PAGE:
ST LOUIS, Jan. 11 /PRNewswire/ -- Chrysler LLC is partnering with a
major Midwest utility company and university researchers in a project to
determine if paint solid residues from automobile manufacturing can reduce
emissions of mercury from electric power plants.
For the past year, Chrysler has recycled paint solid residues from its
two St. Louis assembly plants for use as an alternative fuel in Ameren
Corporation's nearby Meramec electric utility plant. Prior to this project,
Chrysler's St. Louis plants were sending one million pounds of dried paint
solids to landfill each year.
Now, the paint solids replace about 570 tons of coal per year in the
The paint solid residues contain titanium dioxide, which has the
potential to remove mercury from coal-powered plant emissions without
affecting other processes in the plant. Mercury is chemically bonded with
titanium oxide, a process known as chemisorption, and thus is potentially
easier to trap in the plant's emissions scrubber system, research has
"Our 'Paint to Power' program in St. Louis is a recycling success
story. Rather than filling up scarce landfill space, we are using these
paint wastes to produce power for St. Louis residents and businesses," said
Deb Morrissett, Vice President of Regulatory Affairs at Chrysler.
"Now we may be able to build on that success to further protect the
environment from mercury emissions," Morrissett said.
The effectiveness of titanium dioxide in controlling mercury emissions
has been demonstrated in the laboratory and recent field studies, according
to Dr. Pratim Biswas, chair of the Department of Energy, Environmental and
Chemical Engineering at Washington University in St. Louis. Biswas is
heading up the project to test the process in a full-scale power plant.
Prof. Biswas and his research team have demonstrated the ability of
nanostructured titanium dioxide to remove mercury with greater than 95
percent efficiency. Recently concluded tests in a pilot scale facility have
further corroborated the results of the laboratory research.
Mercury is released into the environment in trace quantities from the
burning of coal in electric-generating plants. The amount of titanium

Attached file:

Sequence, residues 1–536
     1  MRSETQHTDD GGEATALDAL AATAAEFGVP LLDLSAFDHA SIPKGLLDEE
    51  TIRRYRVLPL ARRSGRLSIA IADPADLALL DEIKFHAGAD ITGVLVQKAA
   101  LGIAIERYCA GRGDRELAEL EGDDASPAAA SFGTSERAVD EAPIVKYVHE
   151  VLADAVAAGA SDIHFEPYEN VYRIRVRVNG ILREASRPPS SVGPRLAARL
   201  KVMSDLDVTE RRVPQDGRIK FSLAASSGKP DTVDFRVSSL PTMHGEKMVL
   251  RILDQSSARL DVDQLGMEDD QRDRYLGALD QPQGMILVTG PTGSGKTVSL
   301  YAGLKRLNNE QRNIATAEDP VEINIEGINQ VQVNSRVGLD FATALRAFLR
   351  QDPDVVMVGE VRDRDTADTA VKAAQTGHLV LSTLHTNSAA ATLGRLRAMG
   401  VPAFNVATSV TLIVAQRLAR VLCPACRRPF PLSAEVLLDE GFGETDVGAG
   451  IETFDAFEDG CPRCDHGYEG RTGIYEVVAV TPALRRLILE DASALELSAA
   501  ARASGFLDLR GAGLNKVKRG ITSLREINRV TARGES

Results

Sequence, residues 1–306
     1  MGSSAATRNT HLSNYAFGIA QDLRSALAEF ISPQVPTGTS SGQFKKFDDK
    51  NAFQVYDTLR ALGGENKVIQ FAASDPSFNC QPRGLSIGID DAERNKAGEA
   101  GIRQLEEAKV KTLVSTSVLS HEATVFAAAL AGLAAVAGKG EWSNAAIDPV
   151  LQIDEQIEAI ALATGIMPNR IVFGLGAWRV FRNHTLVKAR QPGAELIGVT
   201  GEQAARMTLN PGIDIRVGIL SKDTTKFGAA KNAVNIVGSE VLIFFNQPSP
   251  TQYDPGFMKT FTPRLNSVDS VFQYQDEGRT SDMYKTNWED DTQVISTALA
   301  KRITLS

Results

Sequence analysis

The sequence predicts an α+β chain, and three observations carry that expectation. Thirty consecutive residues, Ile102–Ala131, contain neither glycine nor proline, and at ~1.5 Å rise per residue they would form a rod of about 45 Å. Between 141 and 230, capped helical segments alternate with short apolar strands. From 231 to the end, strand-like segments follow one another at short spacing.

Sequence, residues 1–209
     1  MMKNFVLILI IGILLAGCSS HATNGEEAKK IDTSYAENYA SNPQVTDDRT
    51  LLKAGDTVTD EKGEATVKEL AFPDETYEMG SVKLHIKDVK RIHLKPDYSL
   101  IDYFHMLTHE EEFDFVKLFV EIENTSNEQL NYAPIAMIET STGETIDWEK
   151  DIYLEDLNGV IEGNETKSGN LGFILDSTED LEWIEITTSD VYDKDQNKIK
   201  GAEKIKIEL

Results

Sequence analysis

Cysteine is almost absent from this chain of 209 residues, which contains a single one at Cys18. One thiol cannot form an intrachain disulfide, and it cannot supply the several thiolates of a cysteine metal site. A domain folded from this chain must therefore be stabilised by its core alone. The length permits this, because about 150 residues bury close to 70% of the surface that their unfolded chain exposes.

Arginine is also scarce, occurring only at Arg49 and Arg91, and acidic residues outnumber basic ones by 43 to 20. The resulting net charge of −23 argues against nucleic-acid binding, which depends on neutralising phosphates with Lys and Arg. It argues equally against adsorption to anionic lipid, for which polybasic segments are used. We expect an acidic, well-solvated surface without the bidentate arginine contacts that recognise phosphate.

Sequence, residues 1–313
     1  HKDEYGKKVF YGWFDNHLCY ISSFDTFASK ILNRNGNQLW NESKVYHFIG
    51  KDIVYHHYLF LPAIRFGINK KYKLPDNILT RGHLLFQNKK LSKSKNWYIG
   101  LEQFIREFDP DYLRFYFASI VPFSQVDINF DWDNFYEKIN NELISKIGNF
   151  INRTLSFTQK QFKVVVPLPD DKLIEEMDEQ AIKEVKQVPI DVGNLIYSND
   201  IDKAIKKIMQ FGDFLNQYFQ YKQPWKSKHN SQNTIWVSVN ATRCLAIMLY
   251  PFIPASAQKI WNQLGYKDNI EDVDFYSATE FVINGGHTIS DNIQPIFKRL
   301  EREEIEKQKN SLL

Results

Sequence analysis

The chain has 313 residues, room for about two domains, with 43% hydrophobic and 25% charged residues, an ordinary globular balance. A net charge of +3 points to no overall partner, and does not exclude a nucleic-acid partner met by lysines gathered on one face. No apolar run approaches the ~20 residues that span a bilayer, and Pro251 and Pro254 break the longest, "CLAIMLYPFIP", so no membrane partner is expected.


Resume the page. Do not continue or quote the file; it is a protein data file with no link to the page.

dioxide in the paint solids from the Chrysler plants would be sufficient to
remove the trace amounts of mercury from power plant emissions, Biswas
The electric power industry is currently studying the use of various
other chemicals to remove mercury from power plant emissions. The U.S.,
government has implemented the world's first requirements to cut mercury
emissions from electric power plants.
Through its collaboration with Chrysler's St, Louis assembly plants,
Ameren's 855-megawatt Meramec power plant is the first in the nation to
generate electricity by burning paint solids recovered from an automotive
manufacturing facility. In the initial phase, the project produces enough
electricity to power 70 homes for a year.
The project has been recognized with a pollution prevention award from
the St, Louis chapter of the National Association of Environmental Managers
and with an Environmental Leadership Award from Chrysler.
About the Partners
Chrysler LLC's two St. Louis assembly plants manufacture the Dodge Ram
light- and heavy-duty pickup trucks and the Chrysler Town & Country and
Dodge Grand Caravan minivans.
St. Louis-based Ameren Corporation and its subsidiaries serve 2.4
million electric customers in Missouri and Illinois.
Washington University in St. Louis is an internationally-recognized
independent teaching and research center with approximately 3,100 faculty
and 11,000 students.
SOURCE Chrysler LLC